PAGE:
Facebook CEO Mark Zuckerberg is a titan in Silicon Valley and, at 33 years old, he has a fortune worth more than $71 billion, according to Forbes. But that doesn't mean he doesn't appreciate learning from others.
On Tuesday, via Facebook Live, Zuckerberg asked Bill and Melinda Gates and Lin-Manuel Miranda to share their best life advice. The "Hamilton" composer was moderating a discussion at Hunter College in New York City that was being streamed over Facebook.
Zuckerberg messaged: "If you could go back and give your younger self one piece of advice, what would it be? Asking for a friend."
Bill Gates said he wished he had better understood the value of different kinds of intelligence.
"I was so naive about different skill sets. I thought if somebody had a high IQ, they could be good at everything. And the idea that you needed to blend these different types of skills together, that always continued to surprise me," said the Microsoft co-founder.
"There was this simple idea of smartness and it could go and solve everything — I wish I had known better than to think that."
Melinda said she wished she had believed in herself more.
"Trust yourself. You probably know more than you think you do," said Melinda.
Indeed, Melinda, now 53, said that when she reflected on the path she took in her 30s and 40s, she realized she had known, broadly speaking, who she wanted to be since high school — a mother, a career person and someone who helped others.
Also, she added, "[T]hat point of trusting, trust that you can learn anything.
"One of the fun things for me about hanging around my husband in a work setting and at home is, he reminds me all the time and he role models it for everybody, is you can learn any field you want to learn," she said.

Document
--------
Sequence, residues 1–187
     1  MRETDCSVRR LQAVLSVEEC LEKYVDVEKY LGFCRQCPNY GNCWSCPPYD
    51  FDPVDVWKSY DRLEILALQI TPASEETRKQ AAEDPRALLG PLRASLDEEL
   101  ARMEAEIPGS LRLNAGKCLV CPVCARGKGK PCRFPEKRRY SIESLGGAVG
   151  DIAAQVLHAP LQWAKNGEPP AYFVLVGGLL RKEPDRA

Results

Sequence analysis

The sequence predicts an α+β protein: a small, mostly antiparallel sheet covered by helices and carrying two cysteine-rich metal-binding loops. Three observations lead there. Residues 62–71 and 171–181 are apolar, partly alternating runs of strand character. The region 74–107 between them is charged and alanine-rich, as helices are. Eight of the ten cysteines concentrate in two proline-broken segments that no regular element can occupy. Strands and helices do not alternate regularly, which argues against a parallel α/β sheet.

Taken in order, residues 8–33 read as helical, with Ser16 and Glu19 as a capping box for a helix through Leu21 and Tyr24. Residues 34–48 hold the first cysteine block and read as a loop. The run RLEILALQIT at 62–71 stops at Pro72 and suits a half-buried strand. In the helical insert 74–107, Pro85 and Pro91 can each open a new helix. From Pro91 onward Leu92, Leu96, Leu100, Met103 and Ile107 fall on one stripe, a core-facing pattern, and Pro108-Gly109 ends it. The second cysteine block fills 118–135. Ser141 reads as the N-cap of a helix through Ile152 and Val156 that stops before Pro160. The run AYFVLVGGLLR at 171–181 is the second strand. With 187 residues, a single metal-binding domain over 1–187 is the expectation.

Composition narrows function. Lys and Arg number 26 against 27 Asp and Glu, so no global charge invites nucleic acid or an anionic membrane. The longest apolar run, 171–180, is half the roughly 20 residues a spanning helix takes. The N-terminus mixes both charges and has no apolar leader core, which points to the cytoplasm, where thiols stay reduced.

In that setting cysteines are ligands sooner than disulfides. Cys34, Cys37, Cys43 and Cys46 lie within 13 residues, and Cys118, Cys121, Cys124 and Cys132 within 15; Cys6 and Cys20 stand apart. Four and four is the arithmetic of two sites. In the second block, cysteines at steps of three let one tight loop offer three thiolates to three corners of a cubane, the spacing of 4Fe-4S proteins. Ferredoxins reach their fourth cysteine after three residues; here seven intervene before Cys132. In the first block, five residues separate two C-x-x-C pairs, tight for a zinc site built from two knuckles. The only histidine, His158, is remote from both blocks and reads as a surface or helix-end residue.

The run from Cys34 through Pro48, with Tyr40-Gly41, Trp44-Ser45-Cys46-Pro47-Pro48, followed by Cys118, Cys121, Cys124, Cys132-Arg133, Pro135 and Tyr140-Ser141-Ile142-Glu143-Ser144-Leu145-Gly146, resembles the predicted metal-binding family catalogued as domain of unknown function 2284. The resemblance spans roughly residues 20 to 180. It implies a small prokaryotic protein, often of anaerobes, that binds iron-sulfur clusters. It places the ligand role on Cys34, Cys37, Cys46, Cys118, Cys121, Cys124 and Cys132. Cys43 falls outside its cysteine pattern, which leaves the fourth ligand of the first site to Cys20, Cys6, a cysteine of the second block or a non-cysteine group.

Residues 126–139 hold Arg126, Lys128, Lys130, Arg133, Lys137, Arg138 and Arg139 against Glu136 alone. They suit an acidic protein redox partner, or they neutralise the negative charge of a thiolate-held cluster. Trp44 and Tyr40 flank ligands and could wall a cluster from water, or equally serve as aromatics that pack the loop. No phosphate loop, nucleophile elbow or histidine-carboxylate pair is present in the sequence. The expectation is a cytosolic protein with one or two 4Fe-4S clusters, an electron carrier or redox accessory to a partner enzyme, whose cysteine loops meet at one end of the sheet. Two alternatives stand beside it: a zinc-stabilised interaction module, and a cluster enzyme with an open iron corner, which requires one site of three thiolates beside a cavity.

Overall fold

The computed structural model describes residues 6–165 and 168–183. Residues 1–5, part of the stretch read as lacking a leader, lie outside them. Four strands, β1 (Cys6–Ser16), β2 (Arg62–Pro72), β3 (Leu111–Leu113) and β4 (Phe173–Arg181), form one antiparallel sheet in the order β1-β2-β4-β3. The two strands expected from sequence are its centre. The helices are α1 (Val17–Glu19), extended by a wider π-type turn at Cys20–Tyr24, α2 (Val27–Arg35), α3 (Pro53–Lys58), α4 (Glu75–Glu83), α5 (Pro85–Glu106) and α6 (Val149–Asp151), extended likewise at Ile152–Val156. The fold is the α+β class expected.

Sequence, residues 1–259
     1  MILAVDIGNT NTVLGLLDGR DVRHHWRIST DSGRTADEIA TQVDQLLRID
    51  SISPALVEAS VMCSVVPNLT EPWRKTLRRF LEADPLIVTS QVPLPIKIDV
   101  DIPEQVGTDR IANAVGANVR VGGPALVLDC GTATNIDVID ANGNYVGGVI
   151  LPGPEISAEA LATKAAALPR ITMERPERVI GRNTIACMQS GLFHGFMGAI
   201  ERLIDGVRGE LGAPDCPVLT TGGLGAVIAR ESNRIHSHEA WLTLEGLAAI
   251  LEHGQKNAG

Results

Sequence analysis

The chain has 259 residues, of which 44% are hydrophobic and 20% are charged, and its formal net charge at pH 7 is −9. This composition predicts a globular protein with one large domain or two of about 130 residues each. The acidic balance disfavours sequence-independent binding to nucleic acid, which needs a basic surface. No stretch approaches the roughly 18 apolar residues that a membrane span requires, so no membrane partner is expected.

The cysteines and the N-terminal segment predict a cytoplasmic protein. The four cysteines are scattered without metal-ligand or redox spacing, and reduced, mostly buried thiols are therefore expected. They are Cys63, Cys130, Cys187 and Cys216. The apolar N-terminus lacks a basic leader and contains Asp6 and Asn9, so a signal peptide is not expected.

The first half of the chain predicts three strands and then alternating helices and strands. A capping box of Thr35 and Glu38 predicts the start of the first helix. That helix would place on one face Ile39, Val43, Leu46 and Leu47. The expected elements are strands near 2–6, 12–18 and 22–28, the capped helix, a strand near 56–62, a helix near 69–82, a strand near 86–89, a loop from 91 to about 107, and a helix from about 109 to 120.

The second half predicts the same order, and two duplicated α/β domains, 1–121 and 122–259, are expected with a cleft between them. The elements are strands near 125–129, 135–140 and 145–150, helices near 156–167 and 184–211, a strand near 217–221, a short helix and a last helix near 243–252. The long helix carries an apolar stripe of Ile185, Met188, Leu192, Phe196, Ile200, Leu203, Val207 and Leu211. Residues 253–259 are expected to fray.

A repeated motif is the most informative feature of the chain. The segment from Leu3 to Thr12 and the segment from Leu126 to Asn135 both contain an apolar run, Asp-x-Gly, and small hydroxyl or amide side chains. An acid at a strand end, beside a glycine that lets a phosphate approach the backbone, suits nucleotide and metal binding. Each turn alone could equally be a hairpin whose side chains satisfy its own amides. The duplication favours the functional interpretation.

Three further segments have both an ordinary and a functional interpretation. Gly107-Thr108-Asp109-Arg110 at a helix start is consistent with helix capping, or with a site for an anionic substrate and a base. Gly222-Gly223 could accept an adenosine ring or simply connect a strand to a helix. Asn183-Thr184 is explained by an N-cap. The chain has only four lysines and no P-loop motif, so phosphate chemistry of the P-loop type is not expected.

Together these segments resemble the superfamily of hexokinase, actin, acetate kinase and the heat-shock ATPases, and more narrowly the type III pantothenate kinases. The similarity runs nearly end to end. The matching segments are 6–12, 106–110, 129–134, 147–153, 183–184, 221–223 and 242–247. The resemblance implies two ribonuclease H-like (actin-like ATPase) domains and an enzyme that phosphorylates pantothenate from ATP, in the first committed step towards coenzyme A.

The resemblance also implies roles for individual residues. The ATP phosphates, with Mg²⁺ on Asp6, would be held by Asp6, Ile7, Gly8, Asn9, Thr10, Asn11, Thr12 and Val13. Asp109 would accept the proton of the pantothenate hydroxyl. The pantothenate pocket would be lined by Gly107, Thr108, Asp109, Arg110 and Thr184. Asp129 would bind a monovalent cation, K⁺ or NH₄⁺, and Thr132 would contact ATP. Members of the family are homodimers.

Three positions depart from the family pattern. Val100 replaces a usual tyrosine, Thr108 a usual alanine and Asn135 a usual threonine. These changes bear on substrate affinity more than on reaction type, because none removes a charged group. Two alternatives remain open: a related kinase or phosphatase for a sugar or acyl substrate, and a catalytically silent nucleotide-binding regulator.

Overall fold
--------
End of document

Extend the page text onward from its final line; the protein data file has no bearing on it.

In particular, Melinda said she didn't learn thoroughly learn biology in school, but she now needs to understand it for her work at the Bill and Melinda Gates Foundation. "So that is a really encouraging thing to know that you can just learn anything."
As for Miranda, he would have given his high school self a bit of perspective.
"If I could look at high school me and just say, 'it is not that deep,'" says Miranda.
"Everything feels like the biggest deal in the world at all times, particularly socially. There is a day when it feels like everybody hates you and it feels like the world is going to end that day."
Miranda said getting involved in theater gave him perspective, and also friends outside of his class, which helped.
"The stakes just become higher because you are literally feeling more than you have ever felt in your life, and sometimes that can have disastrous consequences when you can't see the long term.
"And so I would just say, 'It is not that deep. It is not that deep.'"
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